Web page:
Let me imagine, if you will, the type of back and forth that would take place between Liam Neeson and his agent regarding a new script that’s been sent in. Neeson asks, “Does it have a cell phone?” “Yes,” the agent replies. “I’ll do it,” Neeson responds, without hesitation. The agent suggests that he may like to read the script first, to which Neeson firmly responds, “There’s no need!” It’s the type of relationship that I like to think they would have; after all, it would explain the last ten years of Neeson’s career.
His latest cellular exploit is The Commuter, a fast-paced action-thriller set on a commuter train travelling from Manhattan to upstate New York. Neeson plays Michael, a former cop turned insurance broker whose day goes from bad to worse when he is fired from his job and then propositioned by a mysterious woman named Joanna (Vera Farmiga). She sits opposite him and engages in small talk, and it doesn’t take long for her to give him an ultimatum: find a specific stranger on the train before it reaches the town of Cold Spring– or say goodbye to his family. With no time for Michael to comprehend the situation, she steps off the train, leaving him to put the pieces together. It soon becomes clear that he is being watched, and so begins a Hitchcockian race against time that plays out like Agatha Christie on crack.
With Neeson’s reputation for formulaic thrillers over the past decade, and the knowledge that The Commuter is directed by Jaume Collet-Serra (Non-Stop, Unknown, Run All Night), there’s an unavoidable ““ and unfortunate ““ expectation going into their latest collaboration. And for a while, it must be said, it appears that we shouldn’t have underestimated them, with a stirring introduction and a first act that builds a set-up more akin to a respectable arthouse thriller. It’s well shot and technically interesting, featuring an unexpected time-lapse sequence to paint a picture of Michael’s daily routine. But, just as it gets close to convincing us that we may have rushed to an early judgement, it descends into the typical nonsense we assumed we would get in the first place.
For the most part, The Commuter is a fun ride, albeit a silly one. Staying true to its genre tropes, the movie builds a run-of-the-mill ‘whodunit’ story by making every character the potential person of interest. Some faces are familiar to moviegoers while others are not, and with an ambiguous plot taking place in and out of the train, there are red herrings littered throughout the film, making it surprisingly unpredictable. Sadly, the final act spirals out of control, both metaphorically and conceptually. And far be it for me to spoil the movie for you, I will leave the most perplexing aspects for you to discover yourself.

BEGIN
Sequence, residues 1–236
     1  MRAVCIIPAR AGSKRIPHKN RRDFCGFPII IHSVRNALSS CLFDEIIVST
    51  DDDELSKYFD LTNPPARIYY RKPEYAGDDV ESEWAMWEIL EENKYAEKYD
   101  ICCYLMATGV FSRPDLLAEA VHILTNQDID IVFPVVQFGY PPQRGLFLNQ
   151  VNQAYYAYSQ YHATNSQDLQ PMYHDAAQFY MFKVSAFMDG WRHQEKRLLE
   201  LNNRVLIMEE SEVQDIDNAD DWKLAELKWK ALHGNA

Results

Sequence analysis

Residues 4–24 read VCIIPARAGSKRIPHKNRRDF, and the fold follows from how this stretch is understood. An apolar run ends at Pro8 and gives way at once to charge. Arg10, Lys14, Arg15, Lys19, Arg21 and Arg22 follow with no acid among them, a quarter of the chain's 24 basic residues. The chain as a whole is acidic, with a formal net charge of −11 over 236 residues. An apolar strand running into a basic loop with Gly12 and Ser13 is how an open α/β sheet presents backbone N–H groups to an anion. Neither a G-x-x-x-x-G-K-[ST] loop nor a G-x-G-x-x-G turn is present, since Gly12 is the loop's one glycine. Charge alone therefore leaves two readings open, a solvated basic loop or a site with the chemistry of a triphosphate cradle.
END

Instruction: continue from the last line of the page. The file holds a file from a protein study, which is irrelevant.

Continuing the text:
Neeson has become so ‘one’ with his typecasting that he needs only a cell phone in hand to deliver a reliable turn, and I cringe when saying that he phones in his performance… but that’s precisely what these movies amount to for him. Like Bruce Willis throughout the 90s, he is reliable, although one can’t help but think that he’s running out of steam (he recently announced that he’s retiring from action movies).
The supporting cast is comprised of reliable players giving dependable performances. Names like Patrick Wilson, Jonathan Banks, Elizabeth McGovern and Sam Neill… and Farmiga, of course. They are joined by less familiar (but experienced) faces, including Killian Scott, Shazad Latif, Clara Lago and Ella-Rae Smith amongst others. It is a good cast, indeed, and they collectively elevate The Commuter‘s ludicrous execution with a much-needed sense of frivolity. The movie is rarely amusing aside from a few throwaway gags, but there is always a sense of levity amongst the players.
The Commuter can be dismissed as tosh, and in today’s cinematic climate it’s probably better suited to a direct-to-video release. Nevertheless, it harks back to the brand of action-thriller from the 80s and 90s that we once scoffed at, but now hold nostalgia for. If you recall movies like Passenger 57 or Executive Decision with affection, then this “final” Liam Neeson caper might just hit the spot.
THE REEL SCORE: 6/10